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Trying to make sense of the markets during COVID-19?

2 April 2020 | 5 min read
The start of the new year has been unexpected to say the least. We're here to break down the effect of the markets around the world.

The start of the new year has been unexpected to say the least. With social distancing measures in place, tens of thousands of Australians forced out of work and the threat of a health crisis on our doorstep, it’s safe to say 2020 is shaping up to be like no other.

The uncertainty has been felt across the globe and our markets haven’t been immune to the effects of COVID-19.

So, if you’re trying to make sense of it all our head of economic and market research, David Robertson is here to help. 

Government spending

The effects of social distancing came into full swing in March, with the government putting in place measures to stop the spread of community transition. The flow on effect of this was enormous and saw thousands of people suddenly being stood down from the workforce, with a wide range of businesses hit by the disruption.

As a result, the government implemented measures to combat the economic impact of the virus. This included stimulus packages for job seekers, small businesses and boosts for various industries under threat.

While some of the commentary has raised questions around the level of debt being incurred for future generations David states “as far as Australia was concerned, the fact that we had relatively low government debt going in to this crisis, meant that we could afford fiscal support.”

Stock market and share prices

If you’ve been paying attention to the finance news you may be across the rapid falls in the stock markets across the globe. March saw the start of the bear market with the peak to trough fall of our ASX market at 39%, before a tentative recovery over the last few weeks.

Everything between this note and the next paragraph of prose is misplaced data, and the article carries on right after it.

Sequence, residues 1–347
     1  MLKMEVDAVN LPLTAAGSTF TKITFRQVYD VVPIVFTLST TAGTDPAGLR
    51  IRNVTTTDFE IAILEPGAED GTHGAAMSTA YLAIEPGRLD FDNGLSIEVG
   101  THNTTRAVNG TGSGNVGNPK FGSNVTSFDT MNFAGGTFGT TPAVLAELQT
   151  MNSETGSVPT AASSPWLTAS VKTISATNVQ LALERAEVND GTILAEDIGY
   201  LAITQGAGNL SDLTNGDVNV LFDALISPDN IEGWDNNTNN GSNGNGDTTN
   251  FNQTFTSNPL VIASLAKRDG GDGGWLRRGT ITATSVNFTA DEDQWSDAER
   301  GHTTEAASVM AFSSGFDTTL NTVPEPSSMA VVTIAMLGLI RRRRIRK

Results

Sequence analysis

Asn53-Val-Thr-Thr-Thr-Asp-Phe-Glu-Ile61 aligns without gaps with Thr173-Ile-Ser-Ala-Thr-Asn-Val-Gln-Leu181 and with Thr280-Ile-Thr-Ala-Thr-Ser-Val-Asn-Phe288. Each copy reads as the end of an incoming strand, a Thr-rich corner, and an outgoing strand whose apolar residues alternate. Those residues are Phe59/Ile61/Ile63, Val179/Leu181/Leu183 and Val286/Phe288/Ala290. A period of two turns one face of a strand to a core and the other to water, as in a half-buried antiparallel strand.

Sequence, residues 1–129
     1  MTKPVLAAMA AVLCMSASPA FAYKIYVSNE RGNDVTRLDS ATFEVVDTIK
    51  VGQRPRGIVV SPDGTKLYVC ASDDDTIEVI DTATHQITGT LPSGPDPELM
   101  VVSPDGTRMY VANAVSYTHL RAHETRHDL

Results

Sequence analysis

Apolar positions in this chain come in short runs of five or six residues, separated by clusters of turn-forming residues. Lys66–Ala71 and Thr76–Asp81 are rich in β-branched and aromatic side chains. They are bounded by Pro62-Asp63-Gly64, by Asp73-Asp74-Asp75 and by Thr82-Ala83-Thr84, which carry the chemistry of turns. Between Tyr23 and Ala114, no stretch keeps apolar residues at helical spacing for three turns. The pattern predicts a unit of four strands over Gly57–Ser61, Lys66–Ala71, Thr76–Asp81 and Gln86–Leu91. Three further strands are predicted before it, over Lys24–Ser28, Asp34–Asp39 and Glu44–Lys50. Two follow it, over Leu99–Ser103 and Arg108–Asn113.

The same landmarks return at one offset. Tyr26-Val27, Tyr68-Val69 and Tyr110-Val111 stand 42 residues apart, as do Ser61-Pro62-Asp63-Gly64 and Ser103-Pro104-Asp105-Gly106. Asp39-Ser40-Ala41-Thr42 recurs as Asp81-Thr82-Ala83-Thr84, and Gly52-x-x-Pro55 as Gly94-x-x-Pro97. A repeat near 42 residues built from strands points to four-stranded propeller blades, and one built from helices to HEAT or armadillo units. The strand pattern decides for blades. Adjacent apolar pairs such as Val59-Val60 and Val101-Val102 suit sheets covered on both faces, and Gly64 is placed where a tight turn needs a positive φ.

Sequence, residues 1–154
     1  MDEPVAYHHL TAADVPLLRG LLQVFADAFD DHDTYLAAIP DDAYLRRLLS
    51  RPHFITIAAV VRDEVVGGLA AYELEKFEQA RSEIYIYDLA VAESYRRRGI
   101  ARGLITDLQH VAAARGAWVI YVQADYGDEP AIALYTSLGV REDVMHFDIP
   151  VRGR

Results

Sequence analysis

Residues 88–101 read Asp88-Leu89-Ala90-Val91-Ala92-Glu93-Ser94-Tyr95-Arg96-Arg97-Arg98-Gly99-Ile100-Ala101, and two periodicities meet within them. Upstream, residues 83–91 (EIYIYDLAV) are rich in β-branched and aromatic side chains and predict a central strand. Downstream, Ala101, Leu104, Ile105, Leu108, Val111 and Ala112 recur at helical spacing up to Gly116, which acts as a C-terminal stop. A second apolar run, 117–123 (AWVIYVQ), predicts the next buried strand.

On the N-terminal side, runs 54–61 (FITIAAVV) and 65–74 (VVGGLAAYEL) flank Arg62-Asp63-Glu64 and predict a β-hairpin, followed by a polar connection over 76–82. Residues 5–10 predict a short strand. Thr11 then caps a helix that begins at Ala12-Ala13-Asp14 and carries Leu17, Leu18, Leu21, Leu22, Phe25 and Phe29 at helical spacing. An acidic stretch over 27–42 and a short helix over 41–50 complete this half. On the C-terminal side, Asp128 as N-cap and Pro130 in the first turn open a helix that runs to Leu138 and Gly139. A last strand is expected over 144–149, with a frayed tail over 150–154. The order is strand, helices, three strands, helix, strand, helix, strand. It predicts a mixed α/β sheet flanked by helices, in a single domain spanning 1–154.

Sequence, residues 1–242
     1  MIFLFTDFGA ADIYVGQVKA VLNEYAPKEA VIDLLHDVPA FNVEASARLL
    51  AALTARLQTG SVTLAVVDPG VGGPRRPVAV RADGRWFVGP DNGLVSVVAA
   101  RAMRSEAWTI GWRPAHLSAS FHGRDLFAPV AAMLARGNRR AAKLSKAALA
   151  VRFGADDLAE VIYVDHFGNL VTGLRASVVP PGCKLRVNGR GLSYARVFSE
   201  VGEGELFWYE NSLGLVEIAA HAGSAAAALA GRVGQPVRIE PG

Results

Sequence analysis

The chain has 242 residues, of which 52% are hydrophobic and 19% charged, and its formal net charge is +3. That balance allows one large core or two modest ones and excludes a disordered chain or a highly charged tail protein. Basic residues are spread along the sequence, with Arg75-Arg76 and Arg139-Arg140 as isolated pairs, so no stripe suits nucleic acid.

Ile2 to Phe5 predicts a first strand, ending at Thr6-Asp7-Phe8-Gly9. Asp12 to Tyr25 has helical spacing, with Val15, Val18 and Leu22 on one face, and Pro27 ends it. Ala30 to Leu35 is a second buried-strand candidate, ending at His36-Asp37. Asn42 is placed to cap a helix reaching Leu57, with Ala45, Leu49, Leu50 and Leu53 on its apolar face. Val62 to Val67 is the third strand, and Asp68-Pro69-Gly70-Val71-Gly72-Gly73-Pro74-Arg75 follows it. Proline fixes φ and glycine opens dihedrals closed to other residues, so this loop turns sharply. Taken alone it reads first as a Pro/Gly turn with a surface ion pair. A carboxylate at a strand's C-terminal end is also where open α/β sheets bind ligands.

So how does this compare to the numbers we saw during the Global Financial Crisis?

“The GFC saw a fall of 55% overall, but that took 18 months; this bear market has been much more rapid; however unlike the GFC and other crises, the difference this time may be that a health related crisis should have a better defined end date, either via a vaccine, or sufficient containment and flattening of the infection curve” said David Robertson.

Jobs and superannuation

Naturally for the economy, the limitations on travel, activity and anything other than essential services will see GDP contract by its largest percentage on record this quarter and the impact on employment will also be extreme. “Recessions and crises always see unemployment rise, and this rise might exceed the post WW2 high of 11.2 % in the last recession” said David. 

Property markets

The housing market was still strong in March but it is likely too soon to see the full effects of the crisis. The market was up 0.7 % on average in capital cities but remained steadier in regional Australia. We may be likely to see the property market fall over the coming months with restrictions on open inspections and auctions.

“As there won’t be public auctions for some time now, which together with economic uncertainty may see a brief dip for buyers to consider” said David.

Watch below for the full economic update with David Robertson or visit or Business Insights Hub for regular market updates.

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